It’s not the first time I’ve written about my “journey” for use in a class. It’s been a while though. The last time was more focused on recovery from self harm and was both challenging and rewarding to be able to be a coherent voice speaking to people directly and give a perspective on what they may encounter. It’s the same reason I’ve agreed to do it this time – because I want to talk about how I didn’t make it obvious to people that I was in a spiral, but also how it felt to be able to talk about it in counselling once the crisis moment was past. If it helps someone with a future client its worth it.
So, I did a thing on social media yesterday that people seemed to enjoy. Inspired by a post I saw on Thursday, I designated Friday as a day to use ALL CAPS TALKING IN A PARTICULAR THREAD. WE WOULD CHANNEL THE THERAPEUTIC VALUE OF TALKING LIKE BRIAN BLESSED TO COMPLAIN OR PRAISE THE DAY.
It went very well. Comments ranged from telling people about having a coffee – or even too many coffees – to being called in to work from an empty office, and on the tendency of library staff to sing the alphabet under their breath while shelving or arranging stock.
Some people claimed they’d started shouting out loud instead, and we may have had a few sessions of talking very loudly out in the workroom for comedic emphasis as word got around.
By and large, it has put a smile on everyone’s faces, so I think I’ll do it again next week. Who knows, I might make it a regular thing if people enjoy it.
One of the joys of working in a library is seeing the local community ambling along to do their best in these strange times. I see families of all ages, people needing to print packing labels, job hunters, students, and people who really just need someone to talk to for a couple of moments while they’re out of the house.
Yes, there are occasions that are challenging, and the variability of days working with the public is a double-edged sword, but on balance I’m proud of making little differences here and there, trundling along.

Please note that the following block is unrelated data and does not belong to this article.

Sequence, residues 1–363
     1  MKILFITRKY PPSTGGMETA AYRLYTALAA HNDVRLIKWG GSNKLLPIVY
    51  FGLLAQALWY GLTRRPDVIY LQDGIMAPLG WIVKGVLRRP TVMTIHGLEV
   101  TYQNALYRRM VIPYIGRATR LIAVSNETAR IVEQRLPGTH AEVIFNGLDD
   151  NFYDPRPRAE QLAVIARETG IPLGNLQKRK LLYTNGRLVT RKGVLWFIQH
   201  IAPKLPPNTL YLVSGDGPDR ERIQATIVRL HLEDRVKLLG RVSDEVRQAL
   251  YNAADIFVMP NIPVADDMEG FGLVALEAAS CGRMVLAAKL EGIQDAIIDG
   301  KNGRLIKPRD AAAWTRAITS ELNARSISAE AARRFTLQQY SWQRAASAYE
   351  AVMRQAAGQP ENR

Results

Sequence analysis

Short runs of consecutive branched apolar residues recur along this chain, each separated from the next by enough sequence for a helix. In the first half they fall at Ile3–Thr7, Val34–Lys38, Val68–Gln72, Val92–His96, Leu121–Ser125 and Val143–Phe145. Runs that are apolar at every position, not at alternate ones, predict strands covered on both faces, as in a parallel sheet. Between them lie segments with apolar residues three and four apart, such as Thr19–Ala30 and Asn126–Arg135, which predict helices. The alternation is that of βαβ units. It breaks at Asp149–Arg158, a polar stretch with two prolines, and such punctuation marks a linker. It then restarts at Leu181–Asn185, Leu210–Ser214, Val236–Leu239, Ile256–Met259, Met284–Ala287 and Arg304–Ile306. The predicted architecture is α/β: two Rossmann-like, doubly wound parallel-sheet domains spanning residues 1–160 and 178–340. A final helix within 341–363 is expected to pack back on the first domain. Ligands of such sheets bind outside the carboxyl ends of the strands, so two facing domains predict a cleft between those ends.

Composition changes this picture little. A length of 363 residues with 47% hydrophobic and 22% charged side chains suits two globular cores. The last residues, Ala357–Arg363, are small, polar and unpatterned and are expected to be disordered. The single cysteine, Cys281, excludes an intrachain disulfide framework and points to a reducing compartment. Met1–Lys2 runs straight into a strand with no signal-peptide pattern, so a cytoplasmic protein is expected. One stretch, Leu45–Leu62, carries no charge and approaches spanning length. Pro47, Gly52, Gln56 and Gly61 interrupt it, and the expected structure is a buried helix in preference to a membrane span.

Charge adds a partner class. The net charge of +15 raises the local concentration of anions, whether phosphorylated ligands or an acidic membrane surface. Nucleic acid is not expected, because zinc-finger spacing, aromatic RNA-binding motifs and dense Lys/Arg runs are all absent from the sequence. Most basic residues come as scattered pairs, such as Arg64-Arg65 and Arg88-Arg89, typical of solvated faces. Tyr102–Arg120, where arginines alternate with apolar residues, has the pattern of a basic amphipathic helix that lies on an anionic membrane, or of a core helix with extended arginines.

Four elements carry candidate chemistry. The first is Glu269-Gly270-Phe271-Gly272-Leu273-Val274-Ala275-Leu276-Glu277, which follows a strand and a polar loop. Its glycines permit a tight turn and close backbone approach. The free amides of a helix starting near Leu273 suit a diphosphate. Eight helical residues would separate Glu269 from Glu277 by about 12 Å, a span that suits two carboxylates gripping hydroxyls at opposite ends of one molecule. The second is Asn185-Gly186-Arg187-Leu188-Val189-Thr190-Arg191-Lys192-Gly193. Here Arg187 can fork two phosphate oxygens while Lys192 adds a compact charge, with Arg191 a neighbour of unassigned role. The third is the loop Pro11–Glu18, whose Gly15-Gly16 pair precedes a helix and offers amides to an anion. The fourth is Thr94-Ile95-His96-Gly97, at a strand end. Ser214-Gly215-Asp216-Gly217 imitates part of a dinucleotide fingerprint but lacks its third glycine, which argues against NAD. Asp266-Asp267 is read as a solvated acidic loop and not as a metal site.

Its grey and overcast here, but it’s myr s’ 29th birthday so our support bubble/polycule chat is full of good wishes and positivity, so that’s no bad thing.
They’ve chosen today to launch a GoFundMe to try and raise money to begin transitioning under private medical care and support. NHS wait times are around three years before even starting support, so anything that can be done to help is worth a go. If you’re feeling so inclined, here’s a link to the campaign:
I was stuck at work, being unable to share my bemusement on Saturday at a conversation playing out in my messages.
The Charleesi had let us know that her temporary freelancing job had just been converted to the offer of a permanent copywriting post within a week of her starting, so we are all very pleased and excited for her in this early stage of her campaign to take over the world.
Talk soon turned to needing to have a celebration, which resulted in a query about our Sunday availability – which clashed directly with the birthday celebrations previously mentioned.
I therefore had the moderately bemused expression of a man seeing his wife tell his ex-wife that we weren’t available as we were celebrating the joint birthdays of our partner and ex-partner in the company of our partner’s partner and partner’s son, and our collective emotional support human/friend – and being unable to tell anyone at work without having to explain an awful lot of history to people.
Needless to say, everyone at the Sunday gathering smirked when I could finally relay it…
We managed to get most of the DDC together this afternoon in East Brighton Park to celebrate the birthdays of Mre B and myr s – despite the best efforts of my satnav to take us along every B road between us and there rather than using the motorways.
I chose to treat lightly its choice to direct us through the village of Faygate, or to keep telling us to “stay straight” along the road.
I managed to dissuade Lady M from buying the complete stock of our local Tesco too, as she went into mother hen “feed everybody” mode. I’m not saying that her anxiety was becoming infectious, but I swear I saw people hurrying to buy what we’d left on the shelves like it was toilet paper at the beginning of lockdown.
There was a play park for the cub, a tree to partially shelter from the elements under, and cupcakes and a cupcake cake that ended up being served into cups for distribution. All par for the course really.
We’re home now, tired and glad of having had a quiet time together, enjoying each other’s company without feeling a need to perform or fuss. Nice.